Recently I had two scripts through to the final of the Create 50: The Impact writing competition. It's a Chris Jones initiative that brings creatives together to collaborate on something special. The competition got me thinking about the benefits of these competitions in general for aspiring writers/directors/creatives that are on the outside of the industry looking to find a window on a latch to try and break in.
My first short film was made in 2007. A group of people with little to no filmmaking experience decided to enter a 24hr film competition. You know the drill. You're given a prop, a line of dialogue, a title and 24hrs to write, shoot, edit and deliver your final film. The team consisted of my twin sister (producer) her (now ex) boyfriend (camera op), my sisters friend (University lecturer/sound recordist) and me (wannabe Spielberg). My actors were friends from work. It was a real ramshackle 24hrs. But we got the film finished and low and behold we came second. The film THE BEATBOX KID is below.
I got the filmmaking bug thanks to the competition and the films success. I was so excited that I entered the same competition that was running later in the year. The results however, were not the same. The film was called GRIM UP NORTH and it was about the Grim Reaper looking for love in all the wrong places. It's so bad that I don't even have a version to stream online. Honestly - don't look for it. Please god don't look for it.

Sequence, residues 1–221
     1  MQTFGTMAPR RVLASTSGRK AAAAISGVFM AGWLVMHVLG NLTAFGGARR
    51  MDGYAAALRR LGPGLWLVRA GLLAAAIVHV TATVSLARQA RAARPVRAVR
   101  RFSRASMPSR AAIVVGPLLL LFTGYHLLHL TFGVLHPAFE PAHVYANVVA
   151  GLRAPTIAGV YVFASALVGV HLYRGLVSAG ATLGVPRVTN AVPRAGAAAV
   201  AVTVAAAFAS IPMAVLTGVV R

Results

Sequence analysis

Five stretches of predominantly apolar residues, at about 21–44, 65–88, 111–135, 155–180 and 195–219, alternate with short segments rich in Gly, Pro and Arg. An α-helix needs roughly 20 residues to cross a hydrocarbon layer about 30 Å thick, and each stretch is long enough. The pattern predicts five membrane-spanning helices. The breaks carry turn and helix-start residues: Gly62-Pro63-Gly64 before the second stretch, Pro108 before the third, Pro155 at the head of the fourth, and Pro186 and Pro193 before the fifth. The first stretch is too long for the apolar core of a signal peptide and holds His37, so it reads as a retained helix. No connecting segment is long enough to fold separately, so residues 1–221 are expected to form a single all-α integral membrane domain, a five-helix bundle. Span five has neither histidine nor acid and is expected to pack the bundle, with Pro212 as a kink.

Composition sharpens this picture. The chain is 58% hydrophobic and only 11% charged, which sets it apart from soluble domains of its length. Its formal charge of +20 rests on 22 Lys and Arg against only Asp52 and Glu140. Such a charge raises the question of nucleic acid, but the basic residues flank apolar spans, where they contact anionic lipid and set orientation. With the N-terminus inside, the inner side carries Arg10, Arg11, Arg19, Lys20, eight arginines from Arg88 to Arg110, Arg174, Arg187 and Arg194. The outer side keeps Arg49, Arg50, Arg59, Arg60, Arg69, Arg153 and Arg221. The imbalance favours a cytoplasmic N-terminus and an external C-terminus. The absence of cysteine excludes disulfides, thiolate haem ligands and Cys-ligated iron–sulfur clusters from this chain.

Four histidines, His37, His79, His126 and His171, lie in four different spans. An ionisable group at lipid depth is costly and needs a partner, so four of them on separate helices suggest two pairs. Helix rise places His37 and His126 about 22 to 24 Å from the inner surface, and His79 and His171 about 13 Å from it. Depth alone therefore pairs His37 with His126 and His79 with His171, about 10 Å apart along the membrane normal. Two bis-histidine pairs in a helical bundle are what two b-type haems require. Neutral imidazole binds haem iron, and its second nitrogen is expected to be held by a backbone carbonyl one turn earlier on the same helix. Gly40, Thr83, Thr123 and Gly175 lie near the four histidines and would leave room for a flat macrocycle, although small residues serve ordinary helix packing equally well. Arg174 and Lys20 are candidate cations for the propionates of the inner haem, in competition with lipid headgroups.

It was a bitter pill to swallow. Having had such success followed by what felt like a huge kick in the teeth. It was my first (of many) lessons in rejection.
One thing I have improved at over the years, is dusting myself off and pushing forward to the next project. The development of thick skin is something that you'll need to grow as a survival mechanism.
Fast forward two years. With several short films and one no budget feature film under my belt, it was time for another challenge. This time it was a different competition that gave us 48 hours to complete a film. This competition provided us with a specific genre. I could hear my crew groan when I told them we were making a ROMANCE movie. Quite a bit had changed in a couple of years. I knew professional crew and professional actors so I felt a bit more confident after the last mishap.
The result was the film below. Called REFLECTIONS OF LOVE.
The film screen as part of the competitions selection of 'worthy' films. It was great being able to go and watch someone I had made in a cinema. At the time it was the best film I'd made and although we didn't win anything I knew that personally it was an achievement.
Jumping forward another four years. In that time period I'd been fortunate enough to have short films screened at festivals all over the world and I had just completed production on an adventurous film shot over four seasons. I found a 60 hour film competition and with yet another new crew and new actors we entered the following short film. It's called '88'.
The film was very well received and placed 3rd out of around 1400 teams competing. Again, like all the films mentioned in this blog it felt like a real progression.
Since then I have entered Jamesons First Shot unsuccessfully and I wrote three scripts for Create50:The Impact, two of which have made the final. I think these types of competitions are important for a few reasons. They provide goals to achieve. Procrastination can be a deadly foe. You're given parameters and deadlines that you wouldn't necessarily impose on yourself. They also give you a chance to practice your craft. A writer gets better by writing. A filmmaker gets better by making films. I know looking back retrospectively I can see my own personal growth as a storyteller and I'm thankful that I had the opportunity to make all of them.
The next stage for Create50: The Impact is to shortlist fifty scripts and then invite filmmakers from all over the world to make those chosen films. Regardless of the outcome of my scripts within the competition, I may well have a crack at making one of the short films in that top 50.